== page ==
Midtown Happy Hour: Smith’s Bar Looks Cool on the Outside…
If you like to eat, chances are you like to drink (read: a lot of you are freakin’ lushes), so I thought maybe it was time to introduce a happy hour column to the site. Every week, our Happy Hour Correspondent posts about a different bar in Midtown that fits the Midtown Lunch mentality: unhealthy food, not lame (unless it’s lame in a cool way), and most importantly… cheap.
A few weeks ago I was cajoled into watching a theater show, one of my least favorite activities ever (think: boredom marries claustrophobia). And even though it’s already been reviewed by Mamacita in 2008, Smith’s Bar (44th and 8th) was the closest bar to the theatre we were headed to, and a great pit stop to slam back as many beers as possible between the end of work and the opening of curtains.
I had noticed Smith’s half-lit neon sign on some of my lunchtime excursions, and I thought it looked like a really cool place. In fact, it’s been around since the 50s, and although it has changed ownership in the past decade, it was still more appealing to me than any other bar in the immediate vicinity… mainly because of its facade. And the happy hour specials looked okay. From 12-7 they serve $3.75 domestic light bottles, $4.00 Amstel and Sam Adams Light, and $4.00 wells and SoCo (Southern Comfort) shots. The Long Hammer IPA I ordered was $5.50.
But I found out that the funky retro exterior of Smith’s, at least in my humble opinion, runs only skin deep. I was hoping for some old career bartenders in this type of joint, but all seemed to be selected for their youth and attractiveness. Maybe I came by at a bad time, but my bartender wasn’t very nice at all. She was impatient and seemed annoyed that I was there. I can’t imagine how she would treat dilly-dallying, slow-talking tourists who just fell off the turnip truck and walked in the door. Sure, some people can pull that attitude off if they’re old and grumpy and the joint is family-owned, family-operated, and super gritty. It just works. But Smith’s is not this kind of place; partly because of the sports bar feel… and partly because of the unfortunate location. When you’re in Times Square, you’re always trying too hard.
Then the beer came, and I wasn’t too happy with my situation. I started to take a sip and I noticed how far away the beer was from my mouth. This is a picture of my (not imperial) pint before actually drinking any of it. Seriously? This is the wimpiest pour I’ve ever gotten in midtown. And in a small glass. Later, a different bartender *almost* took my pint away with an inch of beer left in the bottom. She looked at my face and saw the glowing laser beam emitters in my eyes foreshadowing her imminent explosion, and she took her hand off the glass. She chose wisely. I’m sure they were busy, but these bartenders were totally phoning it in.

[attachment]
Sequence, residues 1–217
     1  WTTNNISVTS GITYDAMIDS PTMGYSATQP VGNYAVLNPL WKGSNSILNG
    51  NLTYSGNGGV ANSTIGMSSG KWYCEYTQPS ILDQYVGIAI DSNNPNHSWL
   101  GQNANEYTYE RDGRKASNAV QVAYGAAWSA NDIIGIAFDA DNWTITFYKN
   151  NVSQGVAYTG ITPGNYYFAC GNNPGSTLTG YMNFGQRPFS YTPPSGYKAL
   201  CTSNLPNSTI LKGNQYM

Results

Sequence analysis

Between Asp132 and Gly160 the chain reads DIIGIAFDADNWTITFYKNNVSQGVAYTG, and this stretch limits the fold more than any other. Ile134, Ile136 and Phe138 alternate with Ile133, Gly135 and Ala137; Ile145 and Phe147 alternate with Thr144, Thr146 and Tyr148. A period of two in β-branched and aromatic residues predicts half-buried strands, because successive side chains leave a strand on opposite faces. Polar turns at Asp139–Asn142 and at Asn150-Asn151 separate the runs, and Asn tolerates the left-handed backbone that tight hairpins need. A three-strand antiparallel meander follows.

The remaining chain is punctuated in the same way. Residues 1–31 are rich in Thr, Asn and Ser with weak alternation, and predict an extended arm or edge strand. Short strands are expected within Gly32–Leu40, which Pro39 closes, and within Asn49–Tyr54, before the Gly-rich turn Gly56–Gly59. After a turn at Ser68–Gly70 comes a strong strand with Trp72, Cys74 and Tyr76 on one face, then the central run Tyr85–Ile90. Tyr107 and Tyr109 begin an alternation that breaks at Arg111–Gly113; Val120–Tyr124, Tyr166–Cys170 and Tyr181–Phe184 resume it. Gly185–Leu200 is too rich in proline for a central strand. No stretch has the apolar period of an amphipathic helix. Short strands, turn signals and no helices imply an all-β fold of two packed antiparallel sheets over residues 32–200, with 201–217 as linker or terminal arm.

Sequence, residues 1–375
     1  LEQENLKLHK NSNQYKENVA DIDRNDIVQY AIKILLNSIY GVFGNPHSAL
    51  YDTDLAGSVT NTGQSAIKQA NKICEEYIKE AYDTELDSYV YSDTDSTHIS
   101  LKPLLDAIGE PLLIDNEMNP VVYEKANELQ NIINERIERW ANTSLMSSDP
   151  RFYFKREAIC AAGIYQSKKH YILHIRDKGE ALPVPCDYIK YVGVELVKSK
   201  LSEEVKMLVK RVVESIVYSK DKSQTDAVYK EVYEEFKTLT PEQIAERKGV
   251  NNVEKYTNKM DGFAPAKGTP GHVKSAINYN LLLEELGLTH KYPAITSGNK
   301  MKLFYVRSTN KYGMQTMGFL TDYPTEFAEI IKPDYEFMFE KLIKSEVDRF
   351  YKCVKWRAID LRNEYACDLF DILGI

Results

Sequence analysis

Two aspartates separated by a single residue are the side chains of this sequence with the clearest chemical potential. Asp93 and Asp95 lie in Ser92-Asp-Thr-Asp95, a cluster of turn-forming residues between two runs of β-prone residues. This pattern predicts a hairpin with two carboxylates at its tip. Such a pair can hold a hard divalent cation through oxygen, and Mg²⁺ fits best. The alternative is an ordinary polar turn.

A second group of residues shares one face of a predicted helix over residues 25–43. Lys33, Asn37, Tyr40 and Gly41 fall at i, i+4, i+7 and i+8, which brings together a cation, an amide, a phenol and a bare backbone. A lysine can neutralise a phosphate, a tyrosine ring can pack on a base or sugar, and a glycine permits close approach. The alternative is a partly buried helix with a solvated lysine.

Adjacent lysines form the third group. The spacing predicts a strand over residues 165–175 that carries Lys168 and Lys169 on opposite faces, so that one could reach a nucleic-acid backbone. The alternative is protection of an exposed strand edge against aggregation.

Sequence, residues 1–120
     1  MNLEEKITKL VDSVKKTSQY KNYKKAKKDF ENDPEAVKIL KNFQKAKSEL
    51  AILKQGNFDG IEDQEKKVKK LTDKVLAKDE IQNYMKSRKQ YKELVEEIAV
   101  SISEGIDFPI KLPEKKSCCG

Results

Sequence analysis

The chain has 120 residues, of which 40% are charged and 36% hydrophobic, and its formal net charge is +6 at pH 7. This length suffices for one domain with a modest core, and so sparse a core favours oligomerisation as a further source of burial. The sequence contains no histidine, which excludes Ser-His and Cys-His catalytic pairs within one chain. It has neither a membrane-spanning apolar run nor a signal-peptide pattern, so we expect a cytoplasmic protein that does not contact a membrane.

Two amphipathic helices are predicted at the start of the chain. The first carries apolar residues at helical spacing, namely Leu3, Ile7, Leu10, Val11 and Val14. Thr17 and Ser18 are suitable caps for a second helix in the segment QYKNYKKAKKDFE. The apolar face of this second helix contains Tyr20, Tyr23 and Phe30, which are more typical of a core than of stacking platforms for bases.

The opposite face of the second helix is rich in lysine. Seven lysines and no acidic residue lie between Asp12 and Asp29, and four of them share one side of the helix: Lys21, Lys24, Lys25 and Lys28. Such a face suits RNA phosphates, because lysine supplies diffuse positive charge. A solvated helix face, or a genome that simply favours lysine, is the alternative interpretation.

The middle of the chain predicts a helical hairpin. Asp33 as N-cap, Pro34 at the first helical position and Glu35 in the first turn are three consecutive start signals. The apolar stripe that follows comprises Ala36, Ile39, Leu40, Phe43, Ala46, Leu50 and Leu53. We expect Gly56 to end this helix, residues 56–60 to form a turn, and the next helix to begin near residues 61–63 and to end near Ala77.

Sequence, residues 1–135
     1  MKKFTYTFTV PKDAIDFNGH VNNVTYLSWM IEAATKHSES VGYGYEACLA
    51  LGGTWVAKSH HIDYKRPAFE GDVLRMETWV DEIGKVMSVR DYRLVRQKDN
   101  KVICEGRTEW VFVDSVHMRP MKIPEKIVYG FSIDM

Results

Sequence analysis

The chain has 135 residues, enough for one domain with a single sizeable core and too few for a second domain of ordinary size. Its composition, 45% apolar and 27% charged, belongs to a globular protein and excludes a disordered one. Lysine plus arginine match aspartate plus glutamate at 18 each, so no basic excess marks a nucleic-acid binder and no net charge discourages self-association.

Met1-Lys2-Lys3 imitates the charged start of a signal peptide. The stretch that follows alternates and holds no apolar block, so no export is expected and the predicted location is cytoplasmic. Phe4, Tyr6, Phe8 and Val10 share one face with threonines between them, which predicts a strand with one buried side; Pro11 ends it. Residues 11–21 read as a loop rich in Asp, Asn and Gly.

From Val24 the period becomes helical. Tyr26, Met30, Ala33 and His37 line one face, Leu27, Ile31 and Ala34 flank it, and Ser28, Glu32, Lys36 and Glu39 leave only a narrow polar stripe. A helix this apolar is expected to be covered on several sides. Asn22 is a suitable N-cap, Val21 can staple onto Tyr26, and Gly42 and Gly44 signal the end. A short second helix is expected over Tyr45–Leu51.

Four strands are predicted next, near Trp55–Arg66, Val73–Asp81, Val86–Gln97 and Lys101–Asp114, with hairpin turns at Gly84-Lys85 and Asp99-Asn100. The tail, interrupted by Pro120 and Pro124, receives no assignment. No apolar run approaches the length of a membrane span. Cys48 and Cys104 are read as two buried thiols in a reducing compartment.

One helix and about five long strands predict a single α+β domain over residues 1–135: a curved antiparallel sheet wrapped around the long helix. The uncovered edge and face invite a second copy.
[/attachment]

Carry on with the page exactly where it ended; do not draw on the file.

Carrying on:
Luckily, the food at Smith’s gave me something more positive to write about. Even though most menu items looked a bit steep, I liked the B-wing prices. I’m always looking for the best wings I can find, and Smith’s didn’t disappoint. I was pleased by their batch order style – it’s 75 cents a wing (not bad for Midtown), with a minimum order of 6. (I only ordered 6 because I had just had lunch from Taam Tov a few hours earlier, more on that later.) The wings are available in several flavors: Mild, Hot, Garlic Parmesan, Chipotle Sesame, Honey Chipotle, and Honey BBQ. I ordered Hot.
The wings were big and true to the flavor of regular Buffalo wings, and they were very hot… very hot indeed. At a lot of restaurants and bars, “hot” just means regular cayenne pepper sauce. These had extra pepper flakes. I asked the bartender for extra hot sauce on the side (I always do just in case), and of course that didn’t happen. Fortunately, these wings didn’t need it. They were hot and sloppy enough as they were. The blue cheese was passable, which is a good thing, because you’ll need it to balance the heat if you order ‘em hot. I think the wings weren’t naked but lightly floured (not breaded). Although I consider myself a Buffalo wing purist, I’ve seen this technique popping up lately and I actually think it’s pretty awesome. It helps sauce-wing adhesion and lends a very lightly breaded texture that can be either crispy or slightly gooey — and both outcomes are good if done properly.
My fella ordered the Buffalo burger for $11, which is a beef burger with Buffalo wing sauce blue cheese on the side. He must have some kick-ass telepathy skills, because the bartender didn’t ask us how he wanted it cooked, but the chef still cooked it medium, how he usually orders it. He really liked both the burger and fries (but he’s pretty easy to please in this department).
And, if you’re a fan of pub sports, they’ve got Big Buck Safari, darts, and horseracing on the screens. It seemed crowded enough in there, but I’m wondering if most customers are tourists or if there’s a respectable group of New York constituents.
I’ll agree with Mamacita’s +/- treatment, although I’ll add on a – for bar service and a + for good wings.
Any Midtown Lunch’ers been to Smith’s? What’s your take? Did I just stop by when the bartenders were having a rough day… or is it always like this? How about the food? Any recommendations?
Smith’s Bar, 701 8th Avenue (on 44th), 212-246-3268